46. 46. The role of the Modeler • Modeler Component 1 • purchase probabilities, conditional on seeing a recommendation • Modeler Component 2 • purchase probabilities, conditional on not seeing a recommendation • Modeler Component 3 • price elasticity model to test how offering a discount might change the probability that the customer will buy the item • Modeler Component 4 • patience model for the customers’ tolerance for poorly targeted communications Slide 46 of 66
  47. 47. The final curve Slide 47 of 66
  48. 48. The role of the Simulator • Test the utility of each of the many possible clothes available • Provide successful matches between questions & recommendations Slide 48 of 66
  49. 49. The role of the Optimizer • Rank and display the recommended clothes based on their simulated utility – driving sales and improving the customer experience • Less emphasis on the “function” and more on the “objective” – What is the objective of the person using our data product? – What choice are we actually helping him or her make? Slide 49 of 66
  51. 51. Building a car that drives itself (1/2) • Alternative approach: Instead of being data driven, we can now let the data drive us! • Models required: – model of distance / speed-limit to predict arrival time; a ruler and a road map needed – model for traffic congestion – model to forecast weather conditions and their effect on the safest maximum speed Slide 51 of 66
  52. 52. Building a car that drives itself (2/2) Plenty of cool challenges in building these models but by themselves, they do not take us to our destination • Simulator: to predict the drive times along various routes • Optimizer: pick the shortest route subject to constraints like avoiding tolls or maximizing gas mileage Slide 52 of 66
  53. 53. It is already implemented According to Google, about a dozen self-driving cars are on the road at any given time. They've already logged more than 500,000 miles in beta tests. Slide 53 of 66
  54. 54. The Drivetrain approach Building a car that drives itself Vehicle controls • Steering wheel, Accelerator, Βrakes Data from sensors etc. • sensors that gather data about the road • cameras that detect road signs, red or green lights & unexpected obstacles • Physics models to predict the effects of steering, braking & acceleration • Pattern recognition algorithms to interpret data from the road signs Slide 54 of 66
  55. 55. Developing the Modeler Slide 55 of 66
  56. 56. The role of the Modeler • Modeler Component 1 • Route selection, conditional on following a recommendation • Modeler Component 2 • Route selection, conditional on not following a recommendation Slide 56 of 66
  57. 57. The role of the Simulator • examine the results of the possible actions the self-driving car could take – If it turns left now, will it hit that pedestrian? – If it makes a right turn at 55 km/h in these weather conditions, will it skid off the road? • Merely predicting what will happen isn’t good enough. Slide 57 of 66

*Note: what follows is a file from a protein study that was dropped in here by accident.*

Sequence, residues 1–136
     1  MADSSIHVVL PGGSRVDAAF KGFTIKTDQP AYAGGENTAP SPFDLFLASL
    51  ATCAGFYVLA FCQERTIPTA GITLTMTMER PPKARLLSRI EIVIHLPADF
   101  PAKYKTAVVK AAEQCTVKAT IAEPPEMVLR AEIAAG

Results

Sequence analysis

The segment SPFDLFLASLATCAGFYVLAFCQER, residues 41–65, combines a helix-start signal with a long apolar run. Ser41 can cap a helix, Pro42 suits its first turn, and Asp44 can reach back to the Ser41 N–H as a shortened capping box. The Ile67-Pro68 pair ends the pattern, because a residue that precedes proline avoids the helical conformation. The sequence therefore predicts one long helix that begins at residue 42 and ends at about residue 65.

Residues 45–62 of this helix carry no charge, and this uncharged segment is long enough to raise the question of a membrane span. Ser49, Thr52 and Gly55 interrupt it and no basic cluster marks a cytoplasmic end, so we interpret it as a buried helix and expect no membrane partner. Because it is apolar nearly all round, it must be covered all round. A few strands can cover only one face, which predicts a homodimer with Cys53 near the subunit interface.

58. 58. The role of the Optimizer • optimize the results of the simulation – to pick the best combination of acceleration and braking, steering and signaling Prediction only tells us that there is going to be an accident. An optimizer tells us how to avoid accidents. Slide 58 of 66
  60. 60. The present • Drivetrain Approach: – a framework for designing the next generation of great data products – heavily relies on optimization • A need for the data science community to educate others – on how to derive value from their predictive models – Based on product design process Slide 60 of 66
  61. 61. Current status of data products • Data continuously provided in big data providers – Facebook, Twitter etc. • Data are transformed -> they do not look like data in the end – Telematics, booking systems etc. • Example: Music now lives on the cloud – Amazon, Apple, Google, or Spotify Slide 61 of 66
  62. 62. The future • Optimization taught in business schools & statistics departments. • Data scientists ship products designed to produce desirable business outcomes Risk: Models using data to create more data, rather than using data to create actions, disrupt industries, and transform lives. Slide 62 of 66
  63. 63. To keep in mind for future big data products • when building a data product, it is critical to integrate designers into the engineering team from the beginning. • Data products frequently have special challenges around inputting or displaying data. Slide 63 of 66
  64. 64. What to expect in the future? Google needs to move beyond the current search format of you entering a query and getting 10 results. The ideal would be us knowing what you want before you search for it… Eric Schmidt Executive Chairman of Google Slide 64 of 66
  65. 65. The future is near! 25/11/2013 Slide 65 of 66
  66. 66. References • Big Data Now: 2012 Edition. O’Reilly Media, Inc. • O’Reilly Strata: Making Data Work ( • Jeremy Howard - The Drivetrain Approach: A four-step process for building data products ( • Mike Loukides - The evolution of data products ( • Wikipedia: Big data ( Slide 66 of 66
  67. 67. Thank you! Vassilis Protonotarios Agro-Know Technologies